Stepping back a bit, I did want to tell Carl how much I enjoyed his ?Guide to Taoist Parenting.? Whether it be brainwashing to some or perhaps a successful experiment to others, one need only listen to, or read as it were, two happy, healthy beings such as Luke and Kyle to know that it is rather just simply, the way to go. The only difficulty, as I see it, is that the basic requirement for Taoist parenting is a truly Taoist parent. This is a very rare breed (which is very strange because everyone is a Taoist whether they realize it or not) and it is the reason I felt the need to push for further exploration of the how and why some people recognize the way, and most cannot or do not. His wonderful words on the ?human predicament? are the perfect mini-guide for outright Taoists and ?un-knowing? Taoists alike (hey, Kyle, is the term I?m looking for perhaps inright Taoists? By the way, if you tell me that it?s actually inleft Taoists, I?m going to sock you in the jaw?). Anyhow, our natural capacity for thought has overtaken us and has caused us to over-think virtually everything. I loved that Carl?s dear mother is naturally delighted with the results of his Taoist Parenting, but is still vaguely cautious of the methodology. Surely, it couldn?t be that easy, but here we have Luke and Kyle as proof positive that it is. The beautiful simplicity of it all is baffling to the ?un-knowing? Taoist. And yet, Carl?s mother is herself a truly Taoist parent (hey, she puts up with Carl, don?t she? -please laugh here
). I?m sure she?s part of the reason he found his way and she heartily agrees with that old Taoist Polonius whom as we all know told his son, ?This above all: to thine ownself be true, And it must follow, as the night the day, Thou canst not then be false to any man.? (I?m sorry, I know it?s corny old Taoist joke, but I couldn?t resist). Anyway, trust me, Grandma Abbott is Taoist.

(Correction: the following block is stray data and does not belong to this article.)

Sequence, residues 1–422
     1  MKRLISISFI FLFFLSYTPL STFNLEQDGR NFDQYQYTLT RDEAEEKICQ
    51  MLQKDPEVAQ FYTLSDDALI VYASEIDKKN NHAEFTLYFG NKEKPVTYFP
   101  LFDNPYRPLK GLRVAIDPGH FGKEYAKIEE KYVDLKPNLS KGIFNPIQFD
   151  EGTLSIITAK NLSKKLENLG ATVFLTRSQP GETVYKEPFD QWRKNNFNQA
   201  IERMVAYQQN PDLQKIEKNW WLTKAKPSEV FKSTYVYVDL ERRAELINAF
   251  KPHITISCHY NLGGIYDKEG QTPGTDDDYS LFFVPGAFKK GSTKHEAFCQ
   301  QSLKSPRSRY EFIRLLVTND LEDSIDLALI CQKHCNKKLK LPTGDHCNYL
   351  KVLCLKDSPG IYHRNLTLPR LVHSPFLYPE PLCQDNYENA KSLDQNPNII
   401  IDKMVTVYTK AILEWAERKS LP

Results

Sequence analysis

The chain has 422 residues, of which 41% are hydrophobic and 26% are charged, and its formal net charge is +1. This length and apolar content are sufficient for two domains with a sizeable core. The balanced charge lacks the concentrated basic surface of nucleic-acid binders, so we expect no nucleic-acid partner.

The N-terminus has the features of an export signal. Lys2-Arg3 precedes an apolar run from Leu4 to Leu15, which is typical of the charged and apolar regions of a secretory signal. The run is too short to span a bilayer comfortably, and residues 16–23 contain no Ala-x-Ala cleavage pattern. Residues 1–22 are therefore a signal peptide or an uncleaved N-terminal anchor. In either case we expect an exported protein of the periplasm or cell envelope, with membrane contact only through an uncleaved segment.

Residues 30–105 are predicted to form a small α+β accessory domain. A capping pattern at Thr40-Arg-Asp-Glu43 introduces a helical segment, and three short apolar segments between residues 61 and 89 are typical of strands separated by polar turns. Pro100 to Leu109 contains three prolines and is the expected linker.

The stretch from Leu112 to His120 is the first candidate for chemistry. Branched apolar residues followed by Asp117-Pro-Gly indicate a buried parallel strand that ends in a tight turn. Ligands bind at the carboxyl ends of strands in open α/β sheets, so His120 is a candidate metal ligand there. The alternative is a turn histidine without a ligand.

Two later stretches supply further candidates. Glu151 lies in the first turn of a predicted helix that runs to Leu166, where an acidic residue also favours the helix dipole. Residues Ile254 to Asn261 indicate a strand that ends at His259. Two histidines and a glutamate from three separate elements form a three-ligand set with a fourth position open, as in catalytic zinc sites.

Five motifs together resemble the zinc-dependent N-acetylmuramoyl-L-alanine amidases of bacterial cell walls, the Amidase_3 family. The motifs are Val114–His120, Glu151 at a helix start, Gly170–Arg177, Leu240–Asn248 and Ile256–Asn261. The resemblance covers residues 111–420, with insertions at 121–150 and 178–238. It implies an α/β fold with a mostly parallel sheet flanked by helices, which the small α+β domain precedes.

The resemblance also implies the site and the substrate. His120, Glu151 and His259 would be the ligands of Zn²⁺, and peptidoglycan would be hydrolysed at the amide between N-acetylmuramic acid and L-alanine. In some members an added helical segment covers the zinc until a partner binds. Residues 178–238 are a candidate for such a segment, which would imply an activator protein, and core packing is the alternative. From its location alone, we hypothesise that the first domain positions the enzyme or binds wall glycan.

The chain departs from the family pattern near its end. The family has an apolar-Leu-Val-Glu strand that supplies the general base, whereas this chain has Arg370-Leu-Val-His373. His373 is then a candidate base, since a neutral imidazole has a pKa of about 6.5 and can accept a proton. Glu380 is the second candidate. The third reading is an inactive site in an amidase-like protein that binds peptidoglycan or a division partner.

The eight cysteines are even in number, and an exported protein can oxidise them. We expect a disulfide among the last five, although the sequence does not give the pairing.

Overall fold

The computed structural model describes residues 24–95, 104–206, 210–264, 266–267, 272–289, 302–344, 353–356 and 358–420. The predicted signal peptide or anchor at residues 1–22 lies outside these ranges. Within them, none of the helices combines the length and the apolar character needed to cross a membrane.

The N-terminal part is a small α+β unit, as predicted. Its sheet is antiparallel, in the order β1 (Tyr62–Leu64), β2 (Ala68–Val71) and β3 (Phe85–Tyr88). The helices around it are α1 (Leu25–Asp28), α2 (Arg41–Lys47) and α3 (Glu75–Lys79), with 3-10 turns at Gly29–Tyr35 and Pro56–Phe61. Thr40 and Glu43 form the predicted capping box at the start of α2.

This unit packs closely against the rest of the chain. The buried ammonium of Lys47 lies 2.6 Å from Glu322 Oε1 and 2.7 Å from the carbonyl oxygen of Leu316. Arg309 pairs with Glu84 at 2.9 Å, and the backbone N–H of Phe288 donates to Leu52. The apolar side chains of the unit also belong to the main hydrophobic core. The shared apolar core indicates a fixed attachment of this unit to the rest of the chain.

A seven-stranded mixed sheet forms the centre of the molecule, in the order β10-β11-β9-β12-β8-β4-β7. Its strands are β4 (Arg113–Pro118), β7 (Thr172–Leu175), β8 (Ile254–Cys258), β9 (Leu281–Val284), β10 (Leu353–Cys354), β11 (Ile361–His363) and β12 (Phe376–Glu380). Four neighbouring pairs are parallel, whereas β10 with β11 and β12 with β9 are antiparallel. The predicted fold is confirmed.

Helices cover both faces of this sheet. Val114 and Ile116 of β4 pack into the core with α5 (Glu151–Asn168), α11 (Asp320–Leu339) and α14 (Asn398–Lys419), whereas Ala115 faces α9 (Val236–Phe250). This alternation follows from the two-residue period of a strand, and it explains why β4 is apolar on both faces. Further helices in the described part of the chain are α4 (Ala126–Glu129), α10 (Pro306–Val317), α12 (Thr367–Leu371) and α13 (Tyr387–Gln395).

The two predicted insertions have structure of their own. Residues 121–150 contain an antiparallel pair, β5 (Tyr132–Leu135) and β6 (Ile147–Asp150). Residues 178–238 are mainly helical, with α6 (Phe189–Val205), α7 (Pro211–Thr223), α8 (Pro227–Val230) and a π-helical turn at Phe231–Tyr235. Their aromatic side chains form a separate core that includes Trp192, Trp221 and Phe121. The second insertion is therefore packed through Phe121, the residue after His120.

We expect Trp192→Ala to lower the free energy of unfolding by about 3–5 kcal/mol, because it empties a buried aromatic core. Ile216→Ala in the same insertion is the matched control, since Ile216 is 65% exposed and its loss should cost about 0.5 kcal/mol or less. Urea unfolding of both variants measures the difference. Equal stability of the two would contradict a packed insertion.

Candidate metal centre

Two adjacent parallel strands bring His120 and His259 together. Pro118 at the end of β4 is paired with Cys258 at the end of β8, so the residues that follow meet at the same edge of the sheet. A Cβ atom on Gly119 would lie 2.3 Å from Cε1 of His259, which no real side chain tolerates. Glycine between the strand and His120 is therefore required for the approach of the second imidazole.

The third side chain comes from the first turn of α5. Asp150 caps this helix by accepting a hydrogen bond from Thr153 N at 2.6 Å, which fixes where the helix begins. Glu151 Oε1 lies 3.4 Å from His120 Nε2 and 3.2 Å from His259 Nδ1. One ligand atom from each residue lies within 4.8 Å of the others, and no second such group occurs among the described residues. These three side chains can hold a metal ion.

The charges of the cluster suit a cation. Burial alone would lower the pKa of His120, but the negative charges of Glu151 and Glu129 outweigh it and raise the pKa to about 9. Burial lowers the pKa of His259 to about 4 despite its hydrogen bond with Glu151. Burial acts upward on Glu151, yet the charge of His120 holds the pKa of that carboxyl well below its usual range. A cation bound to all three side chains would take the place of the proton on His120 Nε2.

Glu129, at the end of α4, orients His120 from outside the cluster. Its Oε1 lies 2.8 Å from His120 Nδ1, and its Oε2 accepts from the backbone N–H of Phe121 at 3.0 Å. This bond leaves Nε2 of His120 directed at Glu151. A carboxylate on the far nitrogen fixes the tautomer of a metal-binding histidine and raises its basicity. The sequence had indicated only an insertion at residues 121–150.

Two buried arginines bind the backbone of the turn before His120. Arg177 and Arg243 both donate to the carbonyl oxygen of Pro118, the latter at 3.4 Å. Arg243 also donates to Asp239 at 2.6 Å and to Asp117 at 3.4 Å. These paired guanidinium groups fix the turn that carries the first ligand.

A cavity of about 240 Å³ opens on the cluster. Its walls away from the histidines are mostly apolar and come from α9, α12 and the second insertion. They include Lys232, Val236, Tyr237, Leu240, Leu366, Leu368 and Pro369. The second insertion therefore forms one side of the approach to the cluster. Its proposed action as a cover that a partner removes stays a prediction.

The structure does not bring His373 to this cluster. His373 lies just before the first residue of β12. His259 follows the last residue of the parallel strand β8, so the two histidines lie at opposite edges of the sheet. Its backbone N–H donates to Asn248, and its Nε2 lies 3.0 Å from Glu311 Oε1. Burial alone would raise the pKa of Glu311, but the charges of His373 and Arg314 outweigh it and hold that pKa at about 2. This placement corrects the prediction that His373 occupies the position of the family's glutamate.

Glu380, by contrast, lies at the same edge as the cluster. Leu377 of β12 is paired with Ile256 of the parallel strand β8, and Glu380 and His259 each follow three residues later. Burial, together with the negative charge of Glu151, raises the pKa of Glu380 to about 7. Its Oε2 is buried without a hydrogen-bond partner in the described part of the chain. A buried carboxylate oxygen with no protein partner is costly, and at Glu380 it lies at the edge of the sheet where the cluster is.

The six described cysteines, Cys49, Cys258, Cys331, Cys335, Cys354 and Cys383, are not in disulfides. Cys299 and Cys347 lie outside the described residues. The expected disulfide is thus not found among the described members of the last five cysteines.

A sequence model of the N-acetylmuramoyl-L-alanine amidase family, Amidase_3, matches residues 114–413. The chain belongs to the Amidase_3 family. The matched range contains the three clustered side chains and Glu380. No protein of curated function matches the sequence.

Oh, yes, and now to fear. Why fear? Well, I would imagine that as life is supposedly a great mystery, the answer that it?s no mystery at all frightens us out of our wits. Even in China, long a hotbed for Taoist teaching, the Taoists were always revered, but at the same time also feared as sorcerers for their profound knowledge of the laws of nature and the universe. Professional Taoists (and I use the term ?professional? in the pejorative sense) throughout the ages have recognized fear as a can of worms that is easily opened and rather useful for fishing. The sage Zhiang Zi-ya maintained, however, that the best fish need not be caught, but will arrive on their own.